The Barkers instantly gained a different perspective on life and organ donation, and in December 2018, Mr. Barker decided to pay forward the gift of life by donating a kidney to one of his friends, former coworker, Jon Putnam, from Pioneer Heritage Middle School. “Jon is a Navy veteran, married and a father to four kids. He was in kidney failure and on dialysis for eight hours every night. I felt called by God to get tested to see if I could be a donor for him and had Lisa’s full support. We decided, as long as the doors continued to open for us, we would faithfully walk through them! Our surgeries took place on December 11, 2018, in Houston, and we are both doing incredibly months after the donation. I am back to work full-time, and Jon is enjoying feeling better than ever while living a machine-free life with his family,” Mr. Barker says.
The Barkers’ hope in their organ donation journey is to encourage others to carry hope in their sufferings. “We hope by sharing the story of our hero, Courtney Ray Sterling, others will see that ripple effect of organ donation and keep pushing forward.”
Keegan BrewerMany kids, from a young age, know what they want to do with their lives and know exactly how they are going to get there, no matter the cost. Keegan Brewer was one of those kids. Growing up, Mr. Brewer, a high school football standout, knew that becoming a firefighter was something he always wanted to do, and he ultimately put aside his college football career to do just that. Mr. Brewer was the University of North Texas (UNT) receiver who pulled off that infamous fake fair catch play vs. Arkansas in fall 2018, but the dream of being a firefighter ultimately outshined his football aspirations. Mr. Brewer recalls, “My passion for the profession steered more in the direction of being a firefighter the older I got, and I wanted to go ahead and get to a place where I would be able make money and support myself. So, that made my decision to pursue firefighting pretty easy.”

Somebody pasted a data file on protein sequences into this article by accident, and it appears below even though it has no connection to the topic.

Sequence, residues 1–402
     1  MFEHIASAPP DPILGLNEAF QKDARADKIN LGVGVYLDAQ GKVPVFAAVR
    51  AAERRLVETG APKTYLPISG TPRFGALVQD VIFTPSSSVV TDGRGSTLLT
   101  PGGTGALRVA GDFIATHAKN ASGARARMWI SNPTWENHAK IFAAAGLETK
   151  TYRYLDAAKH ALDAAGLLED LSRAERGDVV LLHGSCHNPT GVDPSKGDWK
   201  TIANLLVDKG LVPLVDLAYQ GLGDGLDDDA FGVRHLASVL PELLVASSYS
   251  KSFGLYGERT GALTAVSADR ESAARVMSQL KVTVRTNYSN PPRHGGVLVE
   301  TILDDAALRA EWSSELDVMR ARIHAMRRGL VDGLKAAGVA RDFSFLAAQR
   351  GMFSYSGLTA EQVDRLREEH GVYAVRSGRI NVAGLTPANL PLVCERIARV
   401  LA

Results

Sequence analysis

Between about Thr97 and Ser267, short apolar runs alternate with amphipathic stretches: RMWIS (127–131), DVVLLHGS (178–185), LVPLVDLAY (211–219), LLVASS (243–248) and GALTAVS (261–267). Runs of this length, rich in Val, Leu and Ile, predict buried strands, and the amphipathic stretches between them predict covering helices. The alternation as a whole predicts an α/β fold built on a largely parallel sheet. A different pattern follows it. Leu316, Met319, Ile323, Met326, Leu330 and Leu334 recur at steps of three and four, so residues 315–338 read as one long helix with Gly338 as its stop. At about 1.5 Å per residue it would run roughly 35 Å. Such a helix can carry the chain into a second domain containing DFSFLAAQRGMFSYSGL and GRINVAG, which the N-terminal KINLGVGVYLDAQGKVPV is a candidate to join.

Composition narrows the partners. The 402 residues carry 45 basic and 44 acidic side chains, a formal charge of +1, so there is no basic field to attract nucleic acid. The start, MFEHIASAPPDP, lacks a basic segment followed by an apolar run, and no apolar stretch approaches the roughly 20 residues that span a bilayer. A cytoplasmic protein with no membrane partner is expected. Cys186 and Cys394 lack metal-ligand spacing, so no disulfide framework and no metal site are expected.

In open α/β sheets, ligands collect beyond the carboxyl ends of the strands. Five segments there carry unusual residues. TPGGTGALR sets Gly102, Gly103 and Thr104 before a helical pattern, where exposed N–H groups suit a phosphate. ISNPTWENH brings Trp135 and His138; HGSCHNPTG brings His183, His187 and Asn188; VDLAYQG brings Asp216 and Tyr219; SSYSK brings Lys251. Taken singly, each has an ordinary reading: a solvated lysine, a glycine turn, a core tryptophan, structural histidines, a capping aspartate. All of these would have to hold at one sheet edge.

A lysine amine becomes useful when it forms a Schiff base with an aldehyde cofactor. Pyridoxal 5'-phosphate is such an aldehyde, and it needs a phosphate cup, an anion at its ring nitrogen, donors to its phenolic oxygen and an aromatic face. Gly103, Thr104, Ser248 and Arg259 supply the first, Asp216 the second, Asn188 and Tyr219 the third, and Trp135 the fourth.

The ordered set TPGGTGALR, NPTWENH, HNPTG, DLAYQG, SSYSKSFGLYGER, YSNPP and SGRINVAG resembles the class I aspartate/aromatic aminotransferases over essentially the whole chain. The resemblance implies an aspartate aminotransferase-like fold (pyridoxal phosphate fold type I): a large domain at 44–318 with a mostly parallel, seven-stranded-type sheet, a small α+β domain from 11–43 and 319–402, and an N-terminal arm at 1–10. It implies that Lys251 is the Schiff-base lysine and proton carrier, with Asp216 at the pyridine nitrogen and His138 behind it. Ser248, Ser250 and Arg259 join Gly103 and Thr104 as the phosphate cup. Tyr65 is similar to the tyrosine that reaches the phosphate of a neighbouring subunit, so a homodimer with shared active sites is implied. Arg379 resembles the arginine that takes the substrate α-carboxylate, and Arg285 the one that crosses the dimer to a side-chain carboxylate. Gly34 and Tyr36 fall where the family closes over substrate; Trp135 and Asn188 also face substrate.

Mr. Brewer, who is finishing his degree at UNT, began his career with the Frisco Fire Department in January 2019 and has not looked back as he continually seeks to grow and learn with each shift worked. He says the department is a true brotherhood and takes pride in the fact that it is such a community-oriented department.
Mr. Brewer knows he wants to make an impact. He says, “I want to make a change, not just in someone’s life, but I want to be valuable to my department, whether it is in a training role or something bigger.”
Mr. Brewer’s polite, humble and easygoing spirit is a testament to who he is and why he made the decision he made. Battalion Chief Kevin Haines says, “It is a calling to be a firefighter, and Keegan has a strong desire to help people. He is here every third day ready to learn and better himself, which is true of any firefighter in the department. Keegan is living his dream and it speaks to his character that he chose to come in and serve the community in this capacity.”
Rod SchaeferFrisco is home to amazing restaurants that open their arms to host and feed countless families. Pizzeria Testa, a local Italian gem, invites guests and its team to feel like part of the Testa family.
Owner Rod Schaefer’s Italian family roots are the inspiration for the business, as it is a tribute to his family and grandparents who welcomed so many to gather around their kitchen table for home-cooked meals and conversation. Mr. Schaefer explains, “My grandparents’ house was always a place to enjoy amazing food. On any given day, the house was flowing with people. Regardless of how many people there were, or what time of day it was, my grandmother always had a multi-course meal ready to go. The home was always bustling with life and full of passion, and that is what I have always wanted and hoped the restaurant would be.”
Since opening in 2012, the team exists to give back. “Our goal is to support the community both inside and outside our location in any way we can. We give back to nonprofits, ministries, churches, schools, hospitals, orphans, rescue animal centers, etc.,” Mr. Schaefer says.
Mr. Schaefer says the success of the restaurant is due to their hardworking, big-hearted, loyal team. “You know, we are just blessed. All I can do is thank God that He has blessed us with the opportunity to know and serve Frisco. The culture and values on which we are based mean everything to us.”
Mr. Schaefer and his team consider the community an extension of the family. Mr. Schaefer says, “At Testa, we have always had a wonderful and deep relationship with the City of Frisco staff and City Council. We really appreciate the tremendous job they have done, which can often be overlooked.”